One of Verdi's early operas, the three-act "Foscari" is a retelling of Lord Byron's verse play, "The Two Foscari," loosely based on the real story of the political and moral dilemma faced by the doge of Venice after his son is accused of murder and treason in the early period of the Renaissance.
The West Bay production, which will be the Bay Area's premiere of the work, will be faithful to the opera's original setting and will be sung in Italian, with English titles on screen.
"I due Foscari" is "one of those overlooked gems, and I wanted to give it more exposure," said West Bay's general director, Jose Luis Moscovich, who will conduct the work. But why has it been overlooked if it's such a gem? The first reason, Moscovich said, is that it's hard to cast.
"This is a piece that requires a major Verdian baritone, in the same league with "Macbeth" and "Boccanegra," a major Verdian spinto soprano with a killer coloratura and really expressive voice ... and a major tenor," he said. "Those are casting requirements that are hard to fill, especially in the West."
But, he added, the singers in the West Bay production "are ambitious enough and ready to sing" the challenging roles. Soprano Christina Major, who sang the lead role in West Bay's 2017 "Norma," and more recently at the Teatro Colon opera house in Buenos Aires, will sing the part of Lucrezia Contarini; tenor Nathan Granner, who sang the role of Rodolfo in West Bay's "La boheme" last fall, will perform as her husband, Jacopo Foscari; baritone Jason Duika, "Boheme's" Marcello last fall, is cast as the doge, Francesco Foscari; and Benjamin Brady, who took the top prize at the Metropolitan Opera auditions in San Francisco recently, sings the part of Jacopo's enemy, Loredano.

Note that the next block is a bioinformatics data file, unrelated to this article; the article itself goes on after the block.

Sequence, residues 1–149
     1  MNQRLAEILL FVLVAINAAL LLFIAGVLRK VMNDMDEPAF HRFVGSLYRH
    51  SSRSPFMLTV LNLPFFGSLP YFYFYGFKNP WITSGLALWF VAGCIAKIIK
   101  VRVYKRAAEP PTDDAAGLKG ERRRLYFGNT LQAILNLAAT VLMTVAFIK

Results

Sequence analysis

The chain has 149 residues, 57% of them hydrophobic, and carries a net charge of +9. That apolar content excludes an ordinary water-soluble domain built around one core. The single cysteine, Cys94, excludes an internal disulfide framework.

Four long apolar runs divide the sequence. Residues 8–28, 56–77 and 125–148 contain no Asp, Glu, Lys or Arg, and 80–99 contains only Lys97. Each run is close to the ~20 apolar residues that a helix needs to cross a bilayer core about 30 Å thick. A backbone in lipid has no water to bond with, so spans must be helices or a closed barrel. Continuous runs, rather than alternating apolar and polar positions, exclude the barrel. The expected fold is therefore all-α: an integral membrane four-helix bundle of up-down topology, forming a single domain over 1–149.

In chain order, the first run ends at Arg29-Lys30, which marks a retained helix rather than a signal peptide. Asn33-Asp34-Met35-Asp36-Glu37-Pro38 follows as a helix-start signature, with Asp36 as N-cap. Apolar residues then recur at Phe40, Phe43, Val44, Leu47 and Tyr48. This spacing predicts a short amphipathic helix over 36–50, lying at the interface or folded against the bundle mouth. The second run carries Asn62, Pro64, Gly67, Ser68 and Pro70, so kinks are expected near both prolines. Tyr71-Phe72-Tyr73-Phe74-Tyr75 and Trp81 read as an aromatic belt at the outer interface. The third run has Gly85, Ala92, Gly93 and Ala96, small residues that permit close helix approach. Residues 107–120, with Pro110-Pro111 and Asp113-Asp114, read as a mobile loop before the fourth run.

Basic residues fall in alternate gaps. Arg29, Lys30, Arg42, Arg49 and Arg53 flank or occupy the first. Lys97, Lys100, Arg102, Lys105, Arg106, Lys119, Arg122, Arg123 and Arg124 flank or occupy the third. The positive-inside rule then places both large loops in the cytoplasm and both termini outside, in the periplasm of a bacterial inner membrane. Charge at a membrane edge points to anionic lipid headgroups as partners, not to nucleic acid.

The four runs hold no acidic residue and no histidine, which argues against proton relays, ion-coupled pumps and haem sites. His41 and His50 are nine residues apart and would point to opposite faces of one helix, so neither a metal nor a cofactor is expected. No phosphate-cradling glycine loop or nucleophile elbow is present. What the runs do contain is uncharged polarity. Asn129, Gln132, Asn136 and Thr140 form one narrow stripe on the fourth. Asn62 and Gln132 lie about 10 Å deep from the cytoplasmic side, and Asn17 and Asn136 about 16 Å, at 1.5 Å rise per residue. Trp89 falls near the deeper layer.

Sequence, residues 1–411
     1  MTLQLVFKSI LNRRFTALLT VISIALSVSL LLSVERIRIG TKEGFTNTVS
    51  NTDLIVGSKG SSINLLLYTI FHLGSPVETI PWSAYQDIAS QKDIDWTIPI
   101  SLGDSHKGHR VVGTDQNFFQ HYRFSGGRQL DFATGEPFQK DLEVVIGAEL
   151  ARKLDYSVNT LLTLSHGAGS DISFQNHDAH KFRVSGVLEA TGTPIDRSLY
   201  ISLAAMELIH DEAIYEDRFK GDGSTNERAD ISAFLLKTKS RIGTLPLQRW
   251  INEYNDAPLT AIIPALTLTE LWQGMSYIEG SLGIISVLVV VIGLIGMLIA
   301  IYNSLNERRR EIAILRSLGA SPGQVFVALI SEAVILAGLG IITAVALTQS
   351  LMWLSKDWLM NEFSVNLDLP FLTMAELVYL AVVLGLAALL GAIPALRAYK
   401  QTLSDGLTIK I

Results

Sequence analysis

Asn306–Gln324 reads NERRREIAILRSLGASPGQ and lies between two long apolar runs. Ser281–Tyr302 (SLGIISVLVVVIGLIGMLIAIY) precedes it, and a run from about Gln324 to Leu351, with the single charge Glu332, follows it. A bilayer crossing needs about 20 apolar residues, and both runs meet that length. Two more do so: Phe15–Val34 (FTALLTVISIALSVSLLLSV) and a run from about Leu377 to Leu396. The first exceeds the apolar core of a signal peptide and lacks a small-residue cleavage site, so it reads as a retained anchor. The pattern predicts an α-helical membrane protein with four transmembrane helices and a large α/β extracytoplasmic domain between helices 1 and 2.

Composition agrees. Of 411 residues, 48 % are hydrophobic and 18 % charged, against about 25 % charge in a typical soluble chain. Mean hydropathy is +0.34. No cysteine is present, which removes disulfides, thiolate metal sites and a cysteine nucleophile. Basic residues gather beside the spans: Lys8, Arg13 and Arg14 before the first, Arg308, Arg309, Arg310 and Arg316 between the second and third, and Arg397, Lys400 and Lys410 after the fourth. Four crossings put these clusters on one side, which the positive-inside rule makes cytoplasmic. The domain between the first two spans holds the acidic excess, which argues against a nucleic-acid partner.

The opera premiered in 1844 at the Teatro Argentina in Rome. The local premiere is attracting attention nationally in the opera world, with ticket orders "from many places in the U.S.," Moscovich said. "People want to see it, but it doesn't get programmed."
"This is a major score ... (with) wonderful ensemble writing," he said. The chorus for the local production has been expanded to 30 people, he added, to deliver the "grandeur that some of the ensembles demand."
Moscovich said "Foscari" is a work that fits with his determination, during this performance season, to "reclaim the relevance of opera to today's reality. Because I always say that opera, which reflects on topics so inherent to the human condition, like love, ambition, envy, greed, etc., is a slice of life."
Stage direction for "I due Foscari" is by Richard Harrell.
Performances are Friday, Feb. 15; Saturday, Feb. 23; and Sundays, Feb. 17 and 24. The Feb. 17 matinee performance is followed by a discussion with the cast and directors seated onstage.
If you go
When:Feb. 15 and 23, 8 p.m; Feb. 17 and 24, 2 p.m.
Where:Lucie Stern Theatre, 1305 Middlefield Road in Palo Alto.
Tickets: $35 to $85. Group, senior and student discounts. To reserve seats call 650-424-9999 (preferred); or go online at WBOpera.org.
More information: WBOpera.org.